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Employment, job particiation and even numbers about cursing

CompTIA is reporting that tech industry employment is up by just over twenty four thousand workers in January. That’s the 14th consecutive month of tech employment growth. The January rate of tech job postings continues to track above the 12-month average by approximately 11%.2.

Because in the larger context, The percentage of people working or looking for jobs reached its largest point since before the pandemic. That’s the labor force participation rate, at 62.2% for January, higher than previously thought. So that “people not participating problem” — not so much.

If you sense the workplace is getting less formal, there’s data to back that up. In reviewing conference call transcripts, Sentieo found that swearing was up 60% in 2021. And in the analysis by Inc, that isn’t necessarily bad, as it can foster relationships and honesty.

In a report released by PRO Unlimited, who make workforce management software, researchers compared approaches across Europe with those in the US, turns out the Europeans are taking a simple approach to address quit rates — increasing pay and offering better benefits. IT talent has seen an average 12% pay increase across all five nations covered in the report. Each country has also customized their approach, such as Belgian employers have started offering private health insurance,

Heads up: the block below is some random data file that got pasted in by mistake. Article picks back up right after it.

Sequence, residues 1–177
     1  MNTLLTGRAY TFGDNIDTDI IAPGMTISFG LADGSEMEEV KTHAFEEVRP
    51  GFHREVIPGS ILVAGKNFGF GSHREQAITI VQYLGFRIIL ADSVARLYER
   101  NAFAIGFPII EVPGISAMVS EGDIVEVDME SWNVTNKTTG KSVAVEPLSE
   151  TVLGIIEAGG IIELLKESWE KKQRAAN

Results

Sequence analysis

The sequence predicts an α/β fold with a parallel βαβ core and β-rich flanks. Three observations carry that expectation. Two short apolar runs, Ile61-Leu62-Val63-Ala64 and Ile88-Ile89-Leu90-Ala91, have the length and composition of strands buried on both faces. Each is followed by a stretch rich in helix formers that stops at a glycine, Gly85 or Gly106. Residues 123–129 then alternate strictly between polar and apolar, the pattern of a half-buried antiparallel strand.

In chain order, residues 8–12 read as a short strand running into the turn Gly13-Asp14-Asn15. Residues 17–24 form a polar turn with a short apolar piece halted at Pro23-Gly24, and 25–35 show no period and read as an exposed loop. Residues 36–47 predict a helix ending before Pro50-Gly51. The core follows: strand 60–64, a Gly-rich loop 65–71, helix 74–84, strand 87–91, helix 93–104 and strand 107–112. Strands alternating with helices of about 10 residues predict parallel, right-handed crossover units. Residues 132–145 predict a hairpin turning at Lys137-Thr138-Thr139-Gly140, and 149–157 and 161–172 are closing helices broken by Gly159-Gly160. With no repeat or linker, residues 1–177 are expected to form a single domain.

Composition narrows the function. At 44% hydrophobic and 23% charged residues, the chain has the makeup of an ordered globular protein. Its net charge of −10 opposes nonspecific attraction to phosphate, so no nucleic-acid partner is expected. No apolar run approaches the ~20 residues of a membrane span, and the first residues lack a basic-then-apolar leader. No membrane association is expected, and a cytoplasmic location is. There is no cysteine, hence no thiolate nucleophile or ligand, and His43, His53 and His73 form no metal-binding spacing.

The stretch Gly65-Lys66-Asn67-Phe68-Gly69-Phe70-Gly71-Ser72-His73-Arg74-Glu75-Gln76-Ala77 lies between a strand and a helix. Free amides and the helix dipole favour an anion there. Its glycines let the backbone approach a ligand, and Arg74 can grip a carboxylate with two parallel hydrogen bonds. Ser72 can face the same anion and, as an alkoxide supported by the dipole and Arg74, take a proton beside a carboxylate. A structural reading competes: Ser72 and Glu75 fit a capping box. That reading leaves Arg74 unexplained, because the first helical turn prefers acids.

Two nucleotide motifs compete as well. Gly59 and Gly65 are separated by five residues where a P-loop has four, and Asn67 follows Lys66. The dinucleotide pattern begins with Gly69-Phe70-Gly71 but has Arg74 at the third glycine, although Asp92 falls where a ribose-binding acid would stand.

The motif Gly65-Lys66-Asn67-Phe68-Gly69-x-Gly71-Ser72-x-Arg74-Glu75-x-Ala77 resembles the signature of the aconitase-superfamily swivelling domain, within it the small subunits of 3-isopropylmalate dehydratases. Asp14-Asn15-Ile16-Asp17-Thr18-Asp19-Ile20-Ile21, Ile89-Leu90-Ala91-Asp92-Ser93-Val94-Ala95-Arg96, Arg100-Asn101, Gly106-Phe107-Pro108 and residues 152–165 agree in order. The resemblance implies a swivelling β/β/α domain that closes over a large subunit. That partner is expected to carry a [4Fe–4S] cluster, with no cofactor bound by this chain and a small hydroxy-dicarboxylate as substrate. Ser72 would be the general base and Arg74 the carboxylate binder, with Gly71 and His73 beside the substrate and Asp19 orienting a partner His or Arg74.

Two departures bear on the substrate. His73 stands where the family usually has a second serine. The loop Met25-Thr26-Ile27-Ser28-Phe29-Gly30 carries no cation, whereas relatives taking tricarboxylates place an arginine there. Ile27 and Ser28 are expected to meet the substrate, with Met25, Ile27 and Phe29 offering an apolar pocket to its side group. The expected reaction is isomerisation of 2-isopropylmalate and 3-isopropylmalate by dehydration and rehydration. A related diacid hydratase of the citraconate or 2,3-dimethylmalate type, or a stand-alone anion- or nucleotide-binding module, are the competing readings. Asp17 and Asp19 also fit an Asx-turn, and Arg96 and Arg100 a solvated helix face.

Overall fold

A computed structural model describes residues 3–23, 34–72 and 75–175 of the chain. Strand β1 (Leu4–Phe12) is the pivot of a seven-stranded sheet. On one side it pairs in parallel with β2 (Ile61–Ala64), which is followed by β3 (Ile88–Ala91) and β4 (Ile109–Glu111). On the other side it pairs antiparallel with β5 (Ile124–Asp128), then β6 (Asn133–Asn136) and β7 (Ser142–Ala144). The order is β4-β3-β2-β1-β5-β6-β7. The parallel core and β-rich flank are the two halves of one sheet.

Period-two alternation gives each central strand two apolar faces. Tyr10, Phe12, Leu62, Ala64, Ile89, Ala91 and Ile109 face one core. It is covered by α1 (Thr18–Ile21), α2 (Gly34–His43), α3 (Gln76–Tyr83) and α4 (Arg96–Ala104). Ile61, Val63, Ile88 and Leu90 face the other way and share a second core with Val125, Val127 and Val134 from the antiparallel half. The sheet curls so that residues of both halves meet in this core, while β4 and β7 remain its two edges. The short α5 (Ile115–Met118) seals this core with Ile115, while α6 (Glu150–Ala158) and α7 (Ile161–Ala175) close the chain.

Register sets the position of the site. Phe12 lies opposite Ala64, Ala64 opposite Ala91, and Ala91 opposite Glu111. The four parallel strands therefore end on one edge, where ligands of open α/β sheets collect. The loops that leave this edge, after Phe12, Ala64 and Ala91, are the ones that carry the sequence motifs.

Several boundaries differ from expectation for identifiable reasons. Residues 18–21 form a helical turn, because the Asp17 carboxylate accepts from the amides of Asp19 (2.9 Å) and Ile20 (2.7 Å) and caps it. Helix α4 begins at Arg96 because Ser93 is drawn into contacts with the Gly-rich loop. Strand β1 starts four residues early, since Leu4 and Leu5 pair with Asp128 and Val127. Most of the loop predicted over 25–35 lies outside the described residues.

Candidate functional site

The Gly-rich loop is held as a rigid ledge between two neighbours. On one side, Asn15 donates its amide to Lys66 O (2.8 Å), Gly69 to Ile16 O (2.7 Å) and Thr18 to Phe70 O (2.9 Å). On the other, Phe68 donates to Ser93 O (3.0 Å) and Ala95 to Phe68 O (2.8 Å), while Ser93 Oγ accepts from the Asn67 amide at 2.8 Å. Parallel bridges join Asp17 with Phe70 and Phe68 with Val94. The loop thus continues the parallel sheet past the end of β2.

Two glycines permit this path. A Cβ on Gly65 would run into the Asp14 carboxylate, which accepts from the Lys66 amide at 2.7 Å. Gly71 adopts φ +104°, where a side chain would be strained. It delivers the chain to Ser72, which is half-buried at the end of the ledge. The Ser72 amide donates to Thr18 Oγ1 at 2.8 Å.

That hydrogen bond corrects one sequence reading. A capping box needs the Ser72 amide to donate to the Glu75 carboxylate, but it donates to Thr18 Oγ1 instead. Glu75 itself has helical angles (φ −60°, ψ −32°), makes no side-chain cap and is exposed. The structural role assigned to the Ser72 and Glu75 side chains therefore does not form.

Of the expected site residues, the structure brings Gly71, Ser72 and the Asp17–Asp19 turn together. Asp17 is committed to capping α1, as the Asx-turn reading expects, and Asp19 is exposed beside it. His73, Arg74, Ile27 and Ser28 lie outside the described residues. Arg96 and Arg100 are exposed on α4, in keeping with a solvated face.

Dutch firms have added education stipends and reduced work hours to job postings, and Irish companies have began offering a four-day work week.

Because superficial perks are losing their luster — quoting ZDNet, According to a survey of 576 employees by workplace management platform Robin, superficial perks like ping pong tables and free cold brew still have their appeal in the new hybrid workplace, but they’re no longer as valuable to workers as there once were. Instead, employees expect businesses to support both their chosen working style and their physical and mental wellbeing – whether that’s more time off, health and wellness perks, or financial stipends for things like broadband and home-working equipment. That survey highlights that 65% of employees said their employer hadn’t created any new perks since the pandemic, and 23% said their company perks had been wiped out.

And remember, per PWC’s Pulse Survey last week, More than three-quarters of business leaders (77%) say talent attraction and retention is key for growth, and less than one-third (31%) of executives expect easier talent conditions in 2022. And in new data from AlixPartners, they worry about keeping their jobs too. 72% of CEOs fear losing their positions.

Why do we care?

Need is up, as evidenced by job posting. Compeition for those people cannot be explained away by those not participating. The old superficial perks dont’ work, and the Europeans are saying the solution is pay increases…. all amidst pressures to keep those people in order to grow, and for CEOs of larger organizations to hold onto their job.

A little swearing might be good for industry.

Business leaders who are going to be successful are going to navigate their own path here — and assuming its a well worn, obvious pass of the masses misses the actual answer. Charting a course right for the organization’s own needs is where leadership is.